Since October is the month of the rosary, it may be helpful to reflect on what this powerful prayer means for us and our families. How can the rosary help us grow in our relationship with our Blessed Mother? How can devotion to Mary help form students in and out of the classroom? Three themes come to mind: meditation, service and love.
St. John Paul II said of Mary’s constant meditation of the Word made flesh: “The meditation of Mary constitutes the prime model of the prayer of the Rosary. It is the prayer of those who hold the angel’s greeting to Mary dear. Persons who recite the Rosary take up Mary’s meditation in their thoughts and hearts and as they recite the prayer they wonder “what his greeting meant””. Mary’s meditation is a humble search for the meaning of God’s word, of God’s reality, of the mystery of God’s presence. In order to do this Mary was constantly “listening” in an active way to every event that God was “saying” through the facts of her history. After the visit of the shepherds in Bethlehem, Mary “treasured all these things and pondered them in her heart” (Lk 2:19). The verb used here for “pondered” literally means “to place together” or “to confront”. There are thus two realities in front of Mary that are difficult – or seemingly impossible – to reconcile: the abject precariousness of Jesus’ birth and the excelling greatness of the words of the angels which the shepherds have conveyed.
After having found Jesus in the Temple, Luke writes “His mother stored up all these things in heart” (Lk 2:51). The heart of Mary is the “treasury” of the powerful acts of God, her “hard drive” in which was stored in her memory the interventions that God had done for her. And not only for her alone but for all of the human race.
When the angel Gabriel brought Mary the news that she would miraculously be a mother – without the aid of a man – not only of a son but of the Messiah (the ‘Son of God’), Mary realized that her life would no longer be her own; in fact, she knew – as Joseph would soon realize (Mt 1:19) – that her own life would be in danger. But rather than focus on these frightening and traumatic possibilities, Mary was convinced of one thing: that her mission, her vocation came from God. By opening herself and abandoning herself to God’s will, as Simeon prophesied, Mary knew that “a sword will pierce your own soul” (Lk 2:35a). But this “piercing” had a purpose, as Simeon continued: “so that the secret thoughts of many may be laid bare” (Lk 2:35b). Before pronouncing these troubling words, however, Simeon first prophesied the Resurrection when he said that “[this child] is destined for the fall and for the rising of many in Israel” (Lk 2:34). The word used here for “rising” is that used for “resurrection”. Although Mary couldn’t know what this would mean, she trusted that it was something wonderful. Why? Because it came from God! Jesus would say “The sheep that belong to me listen to my voice; I know them and they follow me” (Jn 10:27).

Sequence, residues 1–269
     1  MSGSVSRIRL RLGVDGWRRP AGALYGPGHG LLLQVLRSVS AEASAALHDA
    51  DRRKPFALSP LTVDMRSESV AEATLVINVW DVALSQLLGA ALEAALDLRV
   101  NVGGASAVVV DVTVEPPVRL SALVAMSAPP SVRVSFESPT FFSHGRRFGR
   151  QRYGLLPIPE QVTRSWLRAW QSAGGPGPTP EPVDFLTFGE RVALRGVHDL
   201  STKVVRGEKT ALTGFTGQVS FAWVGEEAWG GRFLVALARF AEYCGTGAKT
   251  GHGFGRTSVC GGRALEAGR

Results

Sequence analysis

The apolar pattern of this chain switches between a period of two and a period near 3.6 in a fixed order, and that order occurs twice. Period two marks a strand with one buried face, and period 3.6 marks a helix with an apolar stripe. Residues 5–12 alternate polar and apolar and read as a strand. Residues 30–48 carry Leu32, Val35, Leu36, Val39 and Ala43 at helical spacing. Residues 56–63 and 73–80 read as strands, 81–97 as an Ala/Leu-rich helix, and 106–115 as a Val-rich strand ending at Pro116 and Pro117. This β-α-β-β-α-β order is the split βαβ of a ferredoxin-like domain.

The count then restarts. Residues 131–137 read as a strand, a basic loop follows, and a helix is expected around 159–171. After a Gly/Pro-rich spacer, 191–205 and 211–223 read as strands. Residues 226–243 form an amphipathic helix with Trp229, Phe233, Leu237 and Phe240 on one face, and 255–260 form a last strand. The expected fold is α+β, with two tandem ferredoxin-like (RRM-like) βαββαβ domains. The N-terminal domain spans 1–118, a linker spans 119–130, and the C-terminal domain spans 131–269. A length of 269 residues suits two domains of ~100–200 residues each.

Mary is the truest and most humble “sheep” of Christ: she followed the voice of God through her trust even though she did not understand the what this voice was saying. As children, we first came in contact with the voice of our parents before we were ever able to understand what they were saying. With God, before we ever can understand the meaning of our vocation in life, like Mary we must first trust the voice of God. This Voice “spoke” to Mary through the events of her history. She said: “God is speaking here; I will listen!” not “I understand what God is saying; therefore, I will do it”. Mary’s complete trust in God is what makes it possible for Mary to follow Christ (Jn 10:27).
To instill and foster this trust in God is the prime goal of Catholic Education.
Shakespeare wrote “love is not love which alters when it alteration finds” (Sonnet 116: 2-3). This true and unfailing love is to be found in Mary. She found many “alterations” from her own plan for her life and Jesus’ life and found “alterations” everywhere she looked at the foot of the Cross: In the very same city where Jesus was acclaimed as king only one week ago, Jesus was being crucified. All of his apostles – except John – had fled for fear. But Mary stood near the cross of Jesus (Jn 19:25). As Jesus received his precious wounds by which “we are healed” (Is 53:5) – “like a sheep that is dumb before its shearers” (Is 53:7) – Mary’s soul was pierced by the “sword” (Lk 2:35). Mary’s love was a co-suffering with her Beloved, with Christ. Like the Passion of Christ, Mary’s Passion was also life-giving: just as she became the Mother of Christ at Bethlehem, she now becomes the Mother of the Church at the foot of the Cross (Jun 19:26).
This love is the source from which the classrooms of the Blessed Virgin Mary School draws its inspiration. Mary is not an image, an ideal, an example: she is a living person, she is our Queen, she is the spiritual Mother of all students and teachers at our school. She is our true teacher. And she was able to be a teacher because she was a “sheep”, a humble child before God. Through her meditation, service and love, she is the model of what it means to be a part of the Blessed Virgin Mary School. Mary, Seat of Wisdom, pray for us!